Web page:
Church Sermon Illustrations

Church Sermon Illustrations

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When Men Are Impotent

In Port Barrios on the Caribbean coast, our little congregation of believers, the only evangelical group in the town, was much harassed by opposers who finally designated a certain Sunday when, as their leader boasted, they would completely demolish the work. Many believers were praying to God in behalf of this little church which had been established under such adverse conditions. A few days after the Sunday designated a letter from one of the believers came to our mission headquarters saying, "The leader of the opposers died on Saturday night, they are scattered, and the work of God goes on." In the following years "much people was added to the Lord."—W. R. Adell, Los Angeles, Cal.

Hard to Pull Down

One of the Red Republicans of 1793 told a good French peasant, "We are going to pull down your churches and your steeples—all that recalls past ages, and all that brings to your mind the idea of God." "Citizen," replied the peasant, "pull down the stars, then." The Church is built upon a strong foundation—upon Christ Himself.—The King's Business.

Not Spiritual Pygmies

The Congo Mission News speaks of Mr. Lass' work among the pygmies near Maitulu. These little people have built a chapel for Christian worship, and two hundred of them gather on Sundays. The building is tiny, and a white man is likely to collide with a crossbeam, fastened as high as little arms could reach. But to this people it is a building of cathedral proportions, the biggest structural venture of their lives. Six of these pygmies have given their hearts to Christ, and it is expected that they will constitute a nucleus of an evangelistic band.—Sunday School Times.

Washington and the Lord's Day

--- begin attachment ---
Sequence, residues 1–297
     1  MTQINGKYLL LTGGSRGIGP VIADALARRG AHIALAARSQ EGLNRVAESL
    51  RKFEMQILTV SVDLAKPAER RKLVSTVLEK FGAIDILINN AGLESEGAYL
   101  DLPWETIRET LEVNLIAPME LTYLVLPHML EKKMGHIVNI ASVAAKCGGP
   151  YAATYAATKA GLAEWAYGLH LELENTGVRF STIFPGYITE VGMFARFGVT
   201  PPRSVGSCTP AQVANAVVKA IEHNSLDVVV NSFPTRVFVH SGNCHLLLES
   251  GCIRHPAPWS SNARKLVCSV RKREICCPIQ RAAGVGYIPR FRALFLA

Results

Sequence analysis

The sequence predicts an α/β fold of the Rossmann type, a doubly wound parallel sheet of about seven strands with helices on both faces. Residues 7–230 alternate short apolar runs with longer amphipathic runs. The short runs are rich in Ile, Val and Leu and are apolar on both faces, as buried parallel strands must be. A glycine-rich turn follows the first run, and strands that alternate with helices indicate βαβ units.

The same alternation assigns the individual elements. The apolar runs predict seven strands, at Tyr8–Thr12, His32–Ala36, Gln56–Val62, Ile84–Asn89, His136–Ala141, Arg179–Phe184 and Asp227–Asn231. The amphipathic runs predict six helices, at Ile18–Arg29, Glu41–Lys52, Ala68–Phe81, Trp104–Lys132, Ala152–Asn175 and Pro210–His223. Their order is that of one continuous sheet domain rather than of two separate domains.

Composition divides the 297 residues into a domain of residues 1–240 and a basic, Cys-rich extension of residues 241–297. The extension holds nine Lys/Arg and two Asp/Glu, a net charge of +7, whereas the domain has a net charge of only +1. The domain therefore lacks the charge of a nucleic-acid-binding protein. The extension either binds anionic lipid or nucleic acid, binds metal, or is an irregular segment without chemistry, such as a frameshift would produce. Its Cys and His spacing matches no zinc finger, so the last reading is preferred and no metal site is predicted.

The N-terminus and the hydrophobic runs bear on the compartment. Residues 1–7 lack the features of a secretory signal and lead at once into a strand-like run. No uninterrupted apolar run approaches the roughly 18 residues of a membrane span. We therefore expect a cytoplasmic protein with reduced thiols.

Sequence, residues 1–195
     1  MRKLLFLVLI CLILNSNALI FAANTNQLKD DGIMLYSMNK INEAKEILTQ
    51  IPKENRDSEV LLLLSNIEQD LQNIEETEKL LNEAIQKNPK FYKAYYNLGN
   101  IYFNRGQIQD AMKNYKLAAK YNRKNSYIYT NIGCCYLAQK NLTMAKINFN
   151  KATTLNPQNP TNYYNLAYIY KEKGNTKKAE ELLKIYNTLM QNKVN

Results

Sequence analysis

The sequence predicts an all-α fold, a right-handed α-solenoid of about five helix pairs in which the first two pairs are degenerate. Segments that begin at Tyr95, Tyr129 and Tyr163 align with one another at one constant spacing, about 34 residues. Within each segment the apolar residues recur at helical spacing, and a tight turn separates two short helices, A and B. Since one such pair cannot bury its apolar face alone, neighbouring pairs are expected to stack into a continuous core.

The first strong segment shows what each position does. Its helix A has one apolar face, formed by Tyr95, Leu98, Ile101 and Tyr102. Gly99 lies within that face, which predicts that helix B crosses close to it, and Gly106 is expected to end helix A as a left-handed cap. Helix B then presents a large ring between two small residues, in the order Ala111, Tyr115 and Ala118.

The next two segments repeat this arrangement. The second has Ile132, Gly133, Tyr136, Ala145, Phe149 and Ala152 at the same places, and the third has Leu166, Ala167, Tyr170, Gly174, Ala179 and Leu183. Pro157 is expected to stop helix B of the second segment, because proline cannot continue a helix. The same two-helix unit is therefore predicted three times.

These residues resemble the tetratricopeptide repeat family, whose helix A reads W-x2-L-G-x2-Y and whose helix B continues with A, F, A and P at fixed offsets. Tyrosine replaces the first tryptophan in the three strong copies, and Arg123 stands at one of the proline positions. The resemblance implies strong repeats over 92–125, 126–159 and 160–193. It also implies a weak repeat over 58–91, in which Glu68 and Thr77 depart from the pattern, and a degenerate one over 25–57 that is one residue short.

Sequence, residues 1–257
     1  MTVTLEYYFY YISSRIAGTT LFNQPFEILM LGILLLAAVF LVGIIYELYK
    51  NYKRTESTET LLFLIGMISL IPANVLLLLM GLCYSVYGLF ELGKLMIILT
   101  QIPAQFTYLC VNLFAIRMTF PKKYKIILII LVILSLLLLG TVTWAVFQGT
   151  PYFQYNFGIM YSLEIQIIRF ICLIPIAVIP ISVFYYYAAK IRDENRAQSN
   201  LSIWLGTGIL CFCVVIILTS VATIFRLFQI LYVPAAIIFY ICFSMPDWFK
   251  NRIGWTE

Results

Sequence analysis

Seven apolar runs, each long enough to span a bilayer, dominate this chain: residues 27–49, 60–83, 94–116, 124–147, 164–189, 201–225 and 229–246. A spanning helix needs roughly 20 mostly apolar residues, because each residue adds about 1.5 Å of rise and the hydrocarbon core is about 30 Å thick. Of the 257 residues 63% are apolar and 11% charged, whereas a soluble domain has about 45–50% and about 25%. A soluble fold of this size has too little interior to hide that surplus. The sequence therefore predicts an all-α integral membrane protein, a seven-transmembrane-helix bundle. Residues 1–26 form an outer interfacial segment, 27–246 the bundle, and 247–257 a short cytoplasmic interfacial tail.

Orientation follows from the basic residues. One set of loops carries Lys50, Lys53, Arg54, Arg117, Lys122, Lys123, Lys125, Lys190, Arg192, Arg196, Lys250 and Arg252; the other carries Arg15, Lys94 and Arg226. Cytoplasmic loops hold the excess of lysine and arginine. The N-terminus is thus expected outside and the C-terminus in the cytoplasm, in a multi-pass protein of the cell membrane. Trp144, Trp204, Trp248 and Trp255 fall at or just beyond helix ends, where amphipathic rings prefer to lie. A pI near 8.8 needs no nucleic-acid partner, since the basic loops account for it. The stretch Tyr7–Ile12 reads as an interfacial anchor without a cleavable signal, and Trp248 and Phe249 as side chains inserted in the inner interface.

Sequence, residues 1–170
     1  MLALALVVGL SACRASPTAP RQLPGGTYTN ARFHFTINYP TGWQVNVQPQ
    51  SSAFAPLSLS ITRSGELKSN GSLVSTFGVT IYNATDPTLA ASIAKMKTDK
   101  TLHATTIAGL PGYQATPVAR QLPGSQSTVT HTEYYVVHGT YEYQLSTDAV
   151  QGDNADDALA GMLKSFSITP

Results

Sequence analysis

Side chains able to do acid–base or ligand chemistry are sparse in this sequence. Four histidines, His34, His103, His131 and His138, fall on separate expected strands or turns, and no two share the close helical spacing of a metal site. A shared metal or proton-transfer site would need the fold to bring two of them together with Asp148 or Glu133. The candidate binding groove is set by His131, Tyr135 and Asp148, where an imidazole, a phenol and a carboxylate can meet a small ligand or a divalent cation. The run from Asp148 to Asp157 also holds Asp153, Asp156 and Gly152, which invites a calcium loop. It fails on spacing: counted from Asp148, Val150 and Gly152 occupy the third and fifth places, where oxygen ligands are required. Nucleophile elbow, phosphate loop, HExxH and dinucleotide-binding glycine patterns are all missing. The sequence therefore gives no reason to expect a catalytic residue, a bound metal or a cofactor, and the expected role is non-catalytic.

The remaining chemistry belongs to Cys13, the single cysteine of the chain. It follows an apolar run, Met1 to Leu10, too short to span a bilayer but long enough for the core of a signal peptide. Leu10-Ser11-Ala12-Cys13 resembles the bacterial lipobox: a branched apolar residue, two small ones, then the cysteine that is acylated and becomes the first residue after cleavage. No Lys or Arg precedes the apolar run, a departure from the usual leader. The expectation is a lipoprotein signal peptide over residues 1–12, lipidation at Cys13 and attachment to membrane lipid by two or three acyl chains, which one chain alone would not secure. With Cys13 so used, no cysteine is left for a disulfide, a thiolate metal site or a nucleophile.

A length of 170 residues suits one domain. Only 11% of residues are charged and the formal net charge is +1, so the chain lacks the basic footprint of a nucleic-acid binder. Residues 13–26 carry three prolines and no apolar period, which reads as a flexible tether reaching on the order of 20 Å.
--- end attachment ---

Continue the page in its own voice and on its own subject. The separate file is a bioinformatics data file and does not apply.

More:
George Washington's pastor said of him: "No company ever kept him away from church. I have often been at Mount Vernon on the Sabbath morning when his breakfast table was filled with guests. But to him they furnished no pretext for neglecting God and losing the satisfaction of setting a good example. For instead of staying at home out of fancied courtesy to them, he constantly used to invite them to accompany him."—Otterbein Teacher.

"In Church Where You Ought To Be"

Hoffman, the famous German chemist once related an experience he had. In 1890 he visited Glasgow, arriving in town late Saturday night. The following morning he went to call on Sir William Thompson, afterward Lord Kelvin. The doorbell was answered by a maid, of whom Hoffman asked if Sir William were at home. "Sir, he most certainly is not." "Could you tell me where I might find him?" "You will find him in church, sir," was the reply, "where you ought to be."—Sunday School Chronicle.

For Safer Driving

Several summers ago the "Socony­Vacuum Tours and Detours" put it aptly: Motorist's Suggestion for Safer Driving — Much of the charm of New England lies in the village churches, whose white spires shine on the distant hilltops and rise from every village green. But if you would really penetrate one of the secrets of the region, make it your practice to pause, at half-past ten or eleven o'clock on a Sunday morning, at one of these churches, and spend an hour with the worshiping congregation. The service will be simple, perhaps bare, but the chances are that you will come out again a soul refreshed, a more courteous—and a safer—driver in Sunday traffic. —Zion's Herald.